When you have a new baby, you will hear more than once, “And NOW your life REALLY begins.” This is one of the most ridiculous new baby sayings of all time. What was I doing before my daughter was born? What if I’d never had a baby? What about the rest of my life that isn’t all about the baby? Does nothing I’ve done or continue to do count unless it’s about the baby? This one is a close second: “Don’t you feel fulfilled now that you’re a mother?” Yes and no. You really don’t want me to answer that question honestly if you were the one who asked that in conversation because my answer will not be the simple “Oh, yes!” you were looking for.
My life is just continuing, and now I have an added responsibility and joy. I have a dream that was fulfilled, and it is everything I imagined it to be so far. I am not any more fulfilled as a person and follower of Christ than I was before. You may not believe me, but if you are struggling through infertility or miscarriage and think that your life will drastically improve and you will feel whole if you only had a child, it won’t and you won’t. If you haven’t dealt with all of the pain and loss you’ve been handed, it will not magically disappear when your child comes home. You will only add more work to your emotional to-do list, and you’ll probably feel guilty for still experiencing grief in spite of your bundle of joy – especially when it won’t stop crying for no apparent reason. Then you’ll feel like a bad mom on top of everything else, and the one thing that was supposed to fulfill you is creating more pain.
I’ve said more than once that I think the replacement baby mentality is a really bad idea, and I’m even more sure now that our baby is here. I look at her and love every curve of her face and every expression she makes, and I wonder at the same time what each of my angel babies look like. Each milestone she passes reminds me of what I missed every time we miscarried, and the grief is staggering if I peek over the abyss too long. Our daughter is a gift; her presence is a gift that has soothed the ache of longing to be a parent. She hasn’t erased anything that happened before her arrival, nor should we expect her to lest we force the weight of our losses onto her tiny shoulders. She is our miracle, but I already wonder how to explain that to her when she is old enough to understand without pressuring her to make up for nine angel babies.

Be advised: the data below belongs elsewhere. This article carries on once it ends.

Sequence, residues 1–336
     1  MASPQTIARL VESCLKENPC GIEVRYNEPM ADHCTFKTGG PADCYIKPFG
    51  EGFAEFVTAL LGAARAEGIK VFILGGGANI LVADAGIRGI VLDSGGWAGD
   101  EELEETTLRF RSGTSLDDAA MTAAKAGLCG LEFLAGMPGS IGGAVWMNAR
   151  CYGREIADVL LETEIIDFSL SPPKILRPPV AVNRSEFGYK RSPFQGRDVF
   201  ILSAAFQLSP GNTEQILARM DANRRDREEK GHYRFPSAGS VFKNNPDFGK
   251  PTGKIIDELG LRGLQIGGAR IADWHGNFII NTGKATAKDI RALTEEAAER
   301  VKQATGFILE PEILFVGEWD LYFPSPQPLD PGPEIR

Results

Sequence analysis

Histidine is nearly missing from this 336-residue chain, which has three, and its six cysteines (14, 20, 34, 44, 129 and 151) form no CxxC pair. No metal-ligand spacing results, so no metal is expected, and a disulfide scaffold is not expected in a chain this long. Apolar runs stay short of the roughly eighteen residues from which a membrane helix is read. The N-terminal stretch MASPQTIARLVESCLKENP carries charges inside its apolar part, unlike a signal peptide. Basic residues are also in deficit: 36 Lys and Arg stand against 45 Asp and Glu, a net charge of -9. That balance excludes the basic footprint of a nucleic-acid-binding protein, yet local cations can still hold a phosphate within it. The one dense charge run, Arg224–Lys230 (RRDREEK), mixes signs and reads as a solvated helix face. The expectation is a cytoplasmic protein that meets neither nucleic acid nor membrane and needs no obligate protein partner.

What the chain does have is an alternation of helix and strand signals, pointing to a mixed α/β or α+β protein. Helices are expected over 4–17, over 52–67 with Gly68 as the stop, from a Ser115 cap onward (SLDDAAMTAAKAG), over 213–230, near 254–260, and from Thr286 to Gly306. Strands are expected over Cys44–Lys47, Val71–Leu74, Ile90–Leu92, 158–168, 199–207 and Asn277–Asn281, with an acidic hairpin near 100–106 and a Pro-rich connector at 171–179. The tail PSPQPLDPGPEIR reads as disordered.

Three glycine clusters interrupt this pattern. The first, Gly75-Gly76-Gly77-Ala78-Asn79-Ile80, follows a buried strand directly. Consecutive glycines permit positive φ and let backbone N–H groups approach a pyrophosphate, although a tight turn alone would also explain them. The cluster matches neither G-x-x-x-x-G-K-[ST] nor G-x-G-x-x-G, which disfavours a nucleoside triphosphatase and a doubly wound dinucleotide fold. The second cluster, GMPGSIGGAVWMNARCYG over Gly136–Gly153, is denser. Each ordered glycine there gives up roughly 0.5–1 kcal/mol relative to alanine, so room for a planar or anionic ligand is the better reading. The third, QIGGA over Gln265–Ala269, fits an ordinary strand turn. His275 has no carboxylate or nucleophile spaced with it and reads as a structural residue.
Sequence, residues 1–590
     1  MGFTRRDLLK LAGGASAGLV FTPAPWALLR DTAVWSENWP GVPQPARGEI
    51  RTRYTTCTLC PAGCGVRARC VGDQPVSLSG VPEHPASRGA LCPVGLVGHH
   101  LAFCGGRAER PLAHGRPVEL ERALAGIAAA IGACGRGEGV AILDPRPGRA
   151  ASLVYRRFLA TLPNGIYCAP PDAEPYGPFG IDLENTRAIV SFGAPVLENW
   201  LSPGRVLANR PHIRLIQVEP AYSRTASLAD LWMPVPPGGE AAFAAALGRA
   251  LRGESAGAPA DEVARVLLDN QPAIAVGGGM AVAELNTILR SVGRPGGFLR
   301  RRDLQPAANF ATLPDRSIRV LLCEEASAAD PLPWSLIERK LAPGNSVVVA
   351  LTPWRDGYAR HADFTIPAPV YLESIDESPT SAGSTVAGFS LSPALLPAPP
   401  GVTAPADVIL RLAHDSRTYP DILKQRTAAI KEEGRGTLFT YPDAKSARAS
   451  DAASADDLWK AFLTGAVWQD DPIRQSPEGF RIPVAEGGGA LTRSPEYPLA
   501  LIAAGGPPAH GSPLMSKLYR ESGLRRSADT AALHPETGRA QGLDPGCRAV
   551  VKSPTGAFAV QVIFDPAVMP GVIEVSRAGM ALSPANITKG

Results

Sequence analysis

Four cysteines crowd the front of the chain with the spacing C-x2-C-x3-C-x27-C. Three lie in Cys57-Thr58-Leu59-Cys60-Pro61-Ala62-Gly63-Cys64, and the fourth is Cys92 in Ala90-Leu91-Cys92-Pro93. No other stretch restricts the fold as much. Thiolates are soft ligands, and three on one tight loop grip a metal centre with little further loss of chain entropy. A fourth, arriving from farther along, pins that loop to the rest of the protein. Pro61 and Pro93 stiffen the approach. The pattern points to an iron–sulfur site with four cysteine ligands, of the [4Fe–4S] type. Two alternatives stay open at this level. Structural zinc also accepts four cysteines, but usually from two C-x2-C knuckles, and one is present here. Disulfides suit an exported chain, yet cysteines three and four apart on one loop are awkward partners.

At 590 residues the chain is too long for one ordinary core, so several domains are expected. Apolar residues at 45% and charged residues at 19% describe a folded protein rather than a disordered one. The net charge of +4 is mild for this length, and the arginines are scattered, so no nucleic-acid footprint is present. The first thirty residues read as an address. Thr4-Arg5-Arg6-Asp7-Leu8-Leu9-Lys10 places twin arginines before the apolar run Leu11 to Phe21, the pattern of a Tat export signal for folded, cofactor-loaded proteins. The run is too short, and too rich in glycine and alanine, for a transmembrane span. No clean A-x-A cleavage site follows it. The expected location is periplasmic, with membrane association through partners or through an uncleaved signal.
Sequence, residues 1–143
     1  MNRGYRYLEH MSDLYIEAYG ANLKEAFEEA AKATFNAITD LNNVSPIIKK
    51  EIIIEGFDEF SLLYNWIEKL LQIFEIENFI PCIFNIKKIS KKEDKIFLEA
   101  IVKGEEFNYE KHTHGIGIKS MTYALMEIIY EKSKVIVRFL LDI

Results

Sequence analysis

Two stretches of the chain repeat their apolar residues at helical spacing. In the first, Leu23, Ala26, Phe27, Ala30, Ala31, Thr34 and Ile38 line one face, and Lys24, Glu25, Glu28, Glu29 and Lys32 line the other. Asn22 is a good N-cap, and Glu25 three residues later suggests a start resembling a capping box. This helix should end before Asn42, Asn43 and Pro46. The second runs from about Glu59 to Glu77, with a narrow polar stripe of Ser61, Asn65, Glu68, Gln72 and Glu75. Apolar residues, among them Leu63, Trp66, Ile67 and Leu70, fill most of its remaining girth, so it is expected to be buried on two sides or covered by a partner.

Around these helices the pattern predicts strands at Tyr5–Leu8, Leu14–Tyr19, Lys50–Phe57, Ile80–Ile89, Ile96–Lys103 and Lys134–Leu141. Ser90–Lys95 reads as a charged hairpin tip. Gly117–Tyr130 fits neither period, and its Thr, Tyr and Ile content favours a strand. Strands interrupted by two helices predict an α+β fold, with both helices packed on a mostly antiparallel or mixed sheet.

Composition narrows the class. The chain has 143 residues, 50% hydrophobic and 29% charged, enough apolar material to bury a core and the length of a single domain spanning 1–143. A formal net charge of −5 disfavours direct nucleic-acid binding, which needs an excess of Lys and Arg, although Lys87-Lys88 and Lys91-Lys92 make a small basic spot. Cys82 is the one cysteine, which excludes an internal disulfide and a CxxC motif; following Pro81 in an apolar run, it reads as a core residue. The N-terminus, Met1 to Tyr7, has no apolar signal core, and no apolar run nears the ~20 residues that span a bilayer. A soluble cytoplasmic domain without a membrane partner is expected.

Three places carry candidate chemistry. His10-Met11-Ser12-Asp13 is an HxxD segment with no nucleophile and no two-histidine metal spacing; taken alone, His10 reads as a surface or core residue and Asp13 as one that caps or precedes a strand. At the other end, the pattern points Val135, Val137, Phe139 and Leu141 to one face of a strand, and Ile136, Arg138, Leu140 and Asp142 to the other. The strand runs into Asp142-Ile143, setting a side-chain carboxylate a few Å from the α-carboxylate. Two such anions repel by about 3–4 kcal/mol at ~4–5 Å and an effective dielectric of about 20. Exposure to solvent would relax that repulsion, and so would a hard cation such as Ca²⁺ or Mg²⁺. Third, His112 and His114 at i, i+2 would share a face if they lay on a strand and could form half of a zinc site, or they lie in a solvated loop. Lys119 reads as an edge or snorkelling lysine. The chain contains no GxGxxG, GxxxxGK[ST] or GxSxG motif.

I’ve done the work to be a whole person again, and in spite of that, the last month has been hard. Our first baby should have been five on April 1. The first few years, that day was really tough to handle. Each successive year was easier, and the distance of time allowed the open wound to scab over, to heal a bit more and sting a little less – until this year. Having our baby in my arms didn’t soften the blow; I think it may have made it more difficult. This year was incredibly painful, maybe because I’ve experienced a tiny bit of what we missed the last five years. Maybe more than anything else, the April Fool’s Day kick in the pants reminded me that my life is very definitely not just beginning, but my daughter’s is. She is brand new and baggage free, and it is my job to use my experience to teach her how to handle everything that life will throw at her, good and bad. So, my life will continue, her life has just begun, and I pray that we will both be fulfilled by being who God created us to be.